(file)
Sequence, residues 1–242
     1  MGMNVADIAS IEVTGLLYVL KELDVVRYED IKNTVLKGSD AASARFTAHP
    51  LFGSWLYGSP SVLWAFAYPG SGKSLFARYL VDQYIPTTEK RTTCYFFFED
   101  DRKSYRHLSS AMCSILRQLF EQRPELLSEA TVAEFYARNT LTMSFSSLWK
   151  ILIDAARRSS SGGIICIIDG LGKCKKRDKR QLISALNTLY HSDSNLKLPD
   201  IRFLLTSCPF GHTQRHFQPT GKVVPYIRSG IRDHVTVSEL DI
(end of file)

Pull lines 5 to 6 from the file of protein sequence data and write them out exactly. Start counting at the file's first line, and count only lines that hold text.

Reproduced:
   151  ILIDAARRSS SGGIICIIDG LGKCKKRDKR QLISALNTLY HSDSNLKLPD
   201  IRFLLTSCPF GHTQRHFQPT GKVVPYIRSG IRDHVTVSEL DI